A bipartisan group of lawmakers urged President Joe Biden to immediately evacuate the thousands of Afghans who worked closely with the U.S. government over the past 20 years and will likely be punished by the Taliban once the last American troops leave the country this summer.
In a June 4 letter obtained exclusively by POLITICO, lawmakers led by Rep. Seth Moulton (D-Mass.) wrote that they are “increasingly concerned” that the administration has not yet mobilized the Pentagon to help protect Afghan allies. The State Department’s current plan to approve special immigrant visas allowing thousands of Afghans to enter the United States is moving too slowly to avert the coming crisis, they said.
“Our Afghan friends and allies are at greater risk than ever before,” the lawmakers wrote in the letter. “If we fail to protect our allies in Afghanistan, it will have a lasting impact on our future partnerships and global reputation, which will then be a great detriment to our troops and the future of our national security.”
The letter landed on Biden’s desk just days after the administration held a classified call to provide an update to congressional staffers on the special immigrant visa program, according to congressional aides.
The latest criticism reflects the sense on Capitol Hill that the Biden administration is not doing enough to safeguard thousands of Afghan citizens who helped U.S. and NATO forces.
The State Department has in recent weeks identified “process improvements” and directed additional resources to the program, including increasing staffing in Washington and in Kabul to process SIV applications, spokesperson Ned Price told reporters on Thursday.
“We understand and we recognize that we have a special commitment and a special responsibility to the many Afghans who, over the years, have at great risk to themselves and even to their families — have assisted the United States in our efforts in Afghanistan,” Price said. “We are always seeking ways to improve the SIV process while ensuring the integrity of the program and safeguarding our national security and affording opportunities to these Afghans.”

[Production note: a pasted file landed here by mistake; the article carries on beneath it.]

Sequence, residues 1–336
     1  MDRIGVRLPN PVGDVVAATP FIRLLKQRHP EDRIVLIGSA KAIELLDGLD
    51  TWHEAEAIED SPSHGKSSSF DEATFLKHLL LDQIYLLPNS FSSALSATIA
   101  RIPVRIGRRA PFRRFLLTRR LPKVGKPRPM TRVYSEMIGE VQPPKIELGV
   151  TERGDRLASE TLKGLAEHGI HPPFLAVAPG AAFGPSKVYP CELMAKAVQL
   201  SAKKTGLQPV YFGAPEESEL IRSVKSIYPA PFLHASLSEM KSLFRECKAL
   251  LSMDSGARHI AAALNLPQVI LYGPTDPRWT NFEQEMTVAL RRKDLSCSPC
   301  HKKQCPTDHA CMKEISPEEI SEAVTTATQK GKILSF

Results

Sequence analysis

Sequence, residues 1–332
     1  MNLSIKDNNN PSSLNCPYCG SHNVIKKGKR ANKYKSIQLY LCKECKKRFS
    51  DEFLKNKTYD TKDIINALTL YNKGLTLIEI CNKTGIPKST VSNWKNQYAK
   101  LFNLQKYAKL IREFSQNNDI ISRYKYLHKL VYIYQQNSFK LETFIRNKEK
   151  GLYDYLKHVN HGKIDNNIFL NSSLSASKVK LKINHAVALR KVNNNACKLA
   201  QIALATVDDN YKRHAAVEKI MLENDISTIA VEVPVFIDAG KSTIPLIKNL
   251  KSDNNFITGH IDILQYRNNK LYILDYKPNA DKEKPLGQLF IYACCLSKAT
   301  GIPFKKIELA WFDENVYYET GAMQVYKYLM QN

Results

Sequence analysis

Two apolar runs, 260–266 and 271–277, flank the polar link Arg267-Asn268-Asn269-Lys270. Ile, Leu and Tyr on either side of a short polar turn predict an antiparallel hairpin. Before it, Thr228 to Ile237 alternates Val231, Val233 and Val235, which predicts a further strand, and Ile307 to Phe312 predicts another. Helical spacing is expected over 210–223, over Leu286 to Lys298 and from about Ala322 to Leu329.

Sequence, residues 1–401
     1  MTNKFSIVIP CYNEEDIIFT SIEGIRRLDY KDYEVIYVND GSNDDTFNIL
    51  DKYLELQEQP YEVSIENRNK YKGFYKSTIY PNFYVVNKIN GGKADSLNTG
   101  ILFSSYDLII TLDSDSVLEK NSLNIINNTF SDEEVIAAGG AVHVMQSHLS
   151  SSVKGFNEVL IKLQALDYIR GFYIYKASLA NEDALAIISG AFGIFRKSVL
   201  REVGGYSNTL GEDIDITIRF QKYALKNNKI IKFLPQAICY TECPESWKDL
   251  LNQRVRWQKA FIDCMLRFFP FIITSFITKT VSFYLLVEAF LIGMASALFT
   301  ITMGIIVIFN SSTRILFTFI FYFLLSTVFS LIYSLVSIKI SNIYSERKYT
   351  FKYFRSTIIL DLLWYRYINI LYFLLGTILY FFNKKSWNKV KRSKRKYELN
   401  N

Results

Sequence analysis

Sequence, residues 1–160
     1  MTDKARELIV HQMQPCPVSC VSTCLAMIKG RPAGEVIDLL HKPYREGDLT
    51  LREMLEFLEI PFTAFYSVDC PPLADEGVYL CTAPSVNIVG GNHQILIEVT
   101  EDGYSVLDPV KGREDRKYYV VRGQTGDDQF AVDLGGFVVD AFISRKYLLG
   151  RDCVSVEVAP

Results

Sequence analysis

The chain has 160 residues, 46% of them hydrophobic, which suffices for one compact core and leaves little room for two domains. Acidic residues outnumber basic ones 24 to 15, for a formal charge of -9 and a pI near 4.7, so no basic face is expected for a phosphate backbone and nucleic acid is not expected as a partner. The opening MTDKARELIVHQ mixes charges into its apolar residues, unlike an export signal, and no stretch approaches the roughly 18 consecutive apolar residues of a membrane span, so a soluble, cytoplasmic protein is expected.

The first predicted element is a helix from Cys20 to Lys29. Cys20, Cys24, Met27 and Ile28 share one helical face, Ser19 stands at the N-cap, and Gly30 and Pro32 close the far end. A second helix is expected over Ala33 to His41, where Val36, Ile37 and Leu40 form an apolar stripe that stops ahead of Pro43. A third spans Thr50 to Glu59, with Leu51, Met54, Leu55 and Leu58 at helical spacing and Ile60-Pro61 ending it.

A number of House lawmakers from both parties signed onto the letter, including Reps. Jason Crow (D-Colo.), Michael Waltz (R-Fla.), Joe Courtney (D-Conn.), Don Bacon (R-Neb.), Ruben Gallego (D-Ariz.), Peter Meijer (R-Mich.), Adam Schiff (D-Calif.) and Tom Malinowski (D-N.J.).
Roughly 16,000 SIVs have been issued since Congress set up the program in 2009; another 18,000 applications are in the pipeline and need to be processed before the withdrawal, lawmakers wrote. It takes the State Department an average of more than 800 days to process a special visa — far too long, considering the U.S. military is scheduled to leave Afghanistan in less than 100 days, they wrote.
At the request of the administration, lawmakers introduced legislation to streamline and accelerate the process by raising the visa cap and waiving the medical exam requirement, the lawmakers wrote. But even with those changes, the SIV application backlog is likely to keep growing, they said.